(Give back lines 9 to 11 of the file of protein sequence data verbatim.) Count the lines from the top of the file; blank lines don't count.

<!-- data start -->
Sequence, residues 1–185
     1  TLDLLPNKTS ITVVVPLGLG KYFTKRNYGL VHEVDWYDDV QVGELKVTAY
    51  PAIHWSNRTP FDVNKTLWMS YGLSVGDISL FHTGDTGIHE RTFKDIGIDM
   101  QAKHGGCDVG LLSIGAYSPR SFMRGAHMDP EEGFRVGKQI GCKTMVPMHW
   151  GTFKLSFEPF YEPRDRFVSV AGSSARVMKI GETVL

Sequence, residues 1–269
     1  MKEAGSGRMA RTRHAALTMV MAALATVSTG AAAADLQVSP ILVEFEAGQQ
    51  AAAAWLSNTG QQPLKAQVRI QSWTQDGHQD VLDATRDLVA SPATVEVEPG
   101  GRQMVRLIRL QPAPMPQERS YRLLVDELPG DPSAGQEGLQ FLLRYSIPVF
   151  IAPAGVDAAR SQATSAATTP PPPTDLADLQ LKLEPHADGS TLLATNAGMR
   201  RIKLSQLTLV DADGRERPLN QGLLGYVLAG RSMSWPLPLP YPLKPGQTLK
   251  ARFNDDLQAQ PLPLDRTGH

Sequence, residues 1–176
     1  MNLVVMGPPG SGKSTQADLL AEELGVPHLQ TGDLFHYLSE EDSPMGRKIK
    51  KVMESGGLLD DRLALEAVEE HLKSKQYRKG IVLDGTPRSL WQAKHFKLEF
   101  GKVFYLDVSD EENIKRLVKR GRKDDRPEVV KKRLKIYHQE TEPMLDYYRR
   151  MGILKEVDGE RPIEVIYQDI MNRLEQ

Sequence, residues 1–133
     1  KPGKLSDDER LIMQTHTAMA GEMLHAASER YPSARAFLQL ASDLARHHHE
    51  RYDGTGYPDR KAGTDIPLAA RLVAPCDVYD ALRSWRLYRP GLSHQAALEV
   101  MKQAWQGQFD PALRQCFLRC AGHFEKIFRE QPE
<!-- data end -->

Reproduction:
   101  GRQMVRLIRL QPAPMPQERS YRLLVDELPG DPSAGQEGLQ FLLRYSIPVF
   151  IAPAGVDAAR SQATSAATTP PPPTDLADLQ LKLEPHADGS TLLATNAGMR
   201  RIKLSQLTLV DADGRERPLN QGLLGYVLAG RSMSWPLPLP YPLKPGQTLK